My younger son draws from the lead-lined treasure chest in the library the note that has resided there for a long time and left, as far as he was concerned, just for him. And, at Yaddo, why not? (Photo credit: Hagen Collection)

My younger son draws from the lead-lined treasure chest in the library the note that has resided there for a long time and left, as far as he was concerned, just for him. And, at Yaddo, why not? (Photo credit: Hagen Collection)

We turned left at the foot of the window, passed a large brass spittoon, and reached the sliding door leading to Oratory (a place of prayer), the room next to what had been Spencer’s den that would serve as my bedroom.

Everyone who has lived and worked at Yaddo over the past century has heard stories about the ghosts. There’s the Puritanical one that keeps watch in the bedroom on the second floor of the mansion opposite the stairs that opens the windows when something naughty is happening in the room. There’s the Testy one that slams the closet door in Katrina’s bedroom when the current occupant spends a little too much time on the fainting couch.

In May 2007, I sat before the upright piano in the Acosta Nichols Tower studio, writing with trepidation the title Amelia over what would become the first page of over four hundred pages of piano sketch of my opera about flight and rebirth. A bird flew in through the open door and flew frightened circles high above me in the white cone of the ceiling. I got up and spoke quietly to the bird, “You’ll be okay, friend. Everything will be fine. The door is open. Fly through it.” As though on cue, the bird swooped down and glided back out through the door to safety in the surrounding forest. It was the plainest sort of blessing, and a perfect example of the sort of thing that happens at Yaddo.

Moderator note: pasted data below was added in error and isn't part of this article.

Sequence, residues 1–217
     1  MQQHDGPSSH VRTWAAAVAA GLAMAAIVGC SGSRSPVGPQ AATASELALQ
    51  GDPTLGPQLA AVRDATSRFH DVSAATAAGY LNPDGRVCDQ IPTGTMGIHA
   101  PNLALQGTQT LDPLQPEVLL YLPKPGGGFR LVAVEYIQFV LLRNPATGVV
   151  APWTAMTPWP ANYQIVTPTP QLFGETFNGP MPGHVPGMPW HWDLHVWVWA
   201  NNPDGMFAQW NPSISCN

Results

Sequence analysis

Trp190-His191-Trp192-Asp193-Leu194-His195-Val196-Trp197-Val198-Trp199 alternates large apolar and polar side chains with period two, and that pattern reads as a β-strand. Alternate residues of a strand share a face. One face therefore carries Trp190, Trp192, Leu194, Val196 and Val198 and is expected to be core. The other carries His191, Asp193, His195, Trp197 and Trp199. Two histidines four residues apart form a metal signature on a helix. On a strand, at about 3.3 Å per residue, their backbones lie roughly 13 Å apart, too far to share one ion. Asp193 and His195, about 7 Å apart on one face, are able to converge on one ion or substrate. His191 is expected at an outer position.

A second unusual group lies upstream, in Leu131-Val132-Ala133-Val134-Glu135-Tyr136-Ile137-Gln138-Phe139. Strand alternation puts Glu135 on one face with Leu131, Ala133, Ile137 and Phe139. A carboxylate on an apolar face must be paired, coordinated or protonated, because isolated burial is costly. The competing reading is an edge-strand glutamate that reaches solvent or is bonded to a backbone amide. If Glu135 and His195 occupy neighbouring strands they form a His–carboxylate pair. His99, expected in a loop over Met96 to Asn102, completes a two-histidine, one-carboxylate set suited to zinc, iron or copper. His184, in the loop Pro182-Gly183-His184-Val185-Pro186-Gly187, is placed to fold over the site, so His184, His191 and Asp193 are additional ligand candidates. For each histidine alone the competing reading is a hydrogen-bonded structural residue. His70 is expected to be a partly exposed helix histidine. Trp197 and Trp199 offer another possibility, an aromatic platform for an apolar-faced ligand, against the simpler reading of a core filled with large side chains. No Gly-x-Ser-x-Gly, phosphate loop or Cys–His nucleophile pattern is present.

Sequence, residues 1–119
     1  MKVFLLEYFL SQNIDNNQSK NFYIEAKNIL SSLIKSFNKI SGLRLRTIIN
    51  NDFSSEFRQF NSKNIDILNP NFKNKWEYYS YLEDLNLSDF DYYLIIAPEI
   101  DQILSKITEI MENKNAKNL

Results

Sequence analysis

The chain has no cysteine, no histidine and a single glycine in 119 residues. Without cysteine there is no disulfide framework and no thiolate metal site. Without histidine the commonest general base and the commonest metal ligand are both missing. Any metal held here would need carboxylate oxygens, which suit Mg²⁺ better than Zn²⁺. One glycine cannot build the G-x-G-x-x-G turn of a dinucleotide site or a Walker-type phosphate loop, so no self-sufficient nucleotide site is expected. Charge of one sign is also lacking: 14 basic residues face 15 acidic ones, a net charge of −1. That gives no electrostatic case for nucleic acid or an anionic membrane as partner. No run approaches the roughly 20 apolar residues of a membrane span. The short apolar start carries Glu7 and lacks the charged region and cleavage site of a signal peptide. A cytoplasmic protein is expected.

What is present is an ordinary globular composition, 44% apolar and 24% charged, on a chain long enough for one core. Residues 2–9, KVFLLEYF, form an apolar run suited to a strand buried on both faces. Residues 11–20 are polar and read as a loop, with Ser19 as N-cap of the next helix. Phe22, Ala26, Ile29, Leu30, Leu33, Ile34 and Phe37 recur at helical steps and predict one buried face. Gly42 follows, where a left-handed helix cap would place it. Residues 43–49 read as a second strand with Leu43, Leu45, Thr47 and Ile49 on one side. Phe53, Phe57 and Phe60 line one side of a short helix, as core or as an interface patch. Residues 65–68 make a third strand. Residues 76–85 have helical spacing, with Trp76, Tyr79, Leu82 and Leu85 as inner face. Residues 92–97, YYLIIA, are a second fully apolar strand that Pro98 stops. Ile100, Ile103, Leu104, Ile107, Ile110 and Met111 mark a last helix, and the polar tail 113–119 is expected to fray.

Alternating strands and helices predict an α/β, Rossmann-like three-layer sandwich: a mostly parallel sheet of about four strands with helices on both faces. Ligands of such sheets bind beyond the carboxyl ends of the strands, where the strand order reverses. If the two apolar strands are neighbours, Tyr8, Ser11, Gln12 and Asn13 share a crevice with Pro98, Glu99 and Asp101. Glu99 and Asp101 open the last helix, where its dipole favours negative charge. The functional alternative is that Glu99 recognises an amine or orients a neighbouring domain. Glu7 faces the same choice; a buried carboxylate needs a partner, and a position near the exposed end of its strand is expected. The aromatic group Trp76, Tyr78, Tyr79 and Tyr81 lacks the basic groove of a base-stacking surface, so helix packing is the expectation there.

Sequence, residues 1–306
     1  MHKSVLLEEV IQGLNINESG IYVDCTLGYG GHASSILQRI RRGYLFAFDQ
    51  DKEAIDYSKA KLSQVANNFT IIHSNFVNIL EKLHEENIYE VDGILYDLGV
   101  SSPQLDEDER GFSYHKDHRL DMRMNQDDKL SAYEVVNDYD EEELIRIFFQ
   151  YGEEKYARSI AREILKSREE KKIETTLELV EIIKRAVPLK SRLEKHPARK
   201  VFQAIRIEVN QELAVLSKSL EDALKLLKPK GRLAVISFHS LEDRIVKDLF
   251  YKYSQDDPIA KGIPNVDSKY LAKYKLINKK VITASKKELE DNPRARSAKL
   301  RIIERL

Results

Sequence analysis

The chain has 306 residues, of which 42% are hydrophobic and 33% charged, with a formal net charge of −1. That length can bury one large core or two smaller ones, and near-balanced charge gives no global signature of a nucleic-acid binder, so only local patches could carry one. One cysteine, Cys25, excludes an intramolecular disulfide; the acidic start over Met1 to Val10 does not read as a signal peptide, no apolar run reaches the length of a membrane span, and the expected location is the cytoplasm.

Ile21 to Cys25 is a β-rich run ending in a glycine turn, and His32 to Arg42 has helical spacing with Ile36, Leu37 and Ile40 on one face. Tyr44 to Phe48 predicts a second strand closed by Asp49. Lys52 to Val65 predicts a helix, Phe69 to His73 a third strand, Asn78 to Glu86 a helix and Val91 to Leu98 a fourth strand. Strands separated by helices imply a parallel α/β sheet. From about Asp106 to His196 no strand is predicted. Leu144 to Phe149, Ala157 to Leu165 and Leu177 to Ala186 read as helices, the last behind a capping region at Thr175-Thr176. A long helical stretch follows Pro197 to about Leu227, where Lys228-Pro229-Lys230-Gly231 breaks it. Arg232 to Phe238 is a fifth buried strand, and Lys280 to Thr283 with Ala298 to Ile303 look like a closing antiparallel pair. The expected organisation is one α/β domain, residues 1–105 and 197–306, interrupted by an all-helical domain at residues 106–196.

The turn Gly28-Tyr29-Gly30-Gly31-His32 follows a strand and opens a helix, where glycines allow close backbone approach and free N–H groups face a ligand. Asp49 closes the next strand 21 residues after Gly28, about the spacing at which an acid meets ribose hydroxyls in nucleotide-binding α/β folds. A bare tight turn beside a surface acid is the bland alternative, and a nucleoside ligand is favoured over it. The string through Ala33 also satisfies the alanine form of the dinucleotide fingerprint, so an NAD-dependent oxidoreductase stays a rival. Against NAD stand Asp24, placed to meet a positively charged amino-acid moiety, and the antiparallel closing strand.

There are always beautiful seasonal arrangements at Yaddo built of flowers from the estate's gardens. (Photo: Hagen Collection)

Yaddo is about the work, first. My work book lists the following pieces composed all, or in part, there between 1984 and the present: four major operas: Amelia, Bandanna, Little Nemo in Slumberland, and Shining Brow; two cantatas: A Walt Whitman Requiem and Light Fantastic; my Symphony No. 3; and nearly a hundred art songs and chamber works, large and small.

Much of Yaddo’s magic derives from the effect that it has on one’s fellow artists. For example, I had learned about the extravagance, the power, and the beauty of raw talent at Curtis, that talent is like a natural resource—amoral and unearned. It can be cultivated and strengthened by its possessor, and it can be misused, of course. But I had never (and have never, since) met anyone quite as joyously talented as David Del Tredici, who I befriended during my first residency. He was—and remains—a nova.

At Yaddo with fellow composers David Del Tredici and George Tsontakis, Autumn, 2006. (Photo credit: Gilda Lyons)

At Yaddo with fellow composers David Del Tredici and George Tsontakis, Autumn, 2006. (Photo credit: Gilda Lyons)

I first met Joel Conarroe that summer. Joel, the author of books and articles about American literature and anthologies of poetry, president of the Guggenheim Foundation from 1985-2002 (and a trustee until his retirement in 2016); former chair of the English Department, Ombudsman, and Dean of the Faculty of Arts and Sciences at the University of Pennsylvania, and former president of the PEN American center, was deeply gentle, erudite, decent, and agreeable company over dinner during the weeks that our visits overlapped.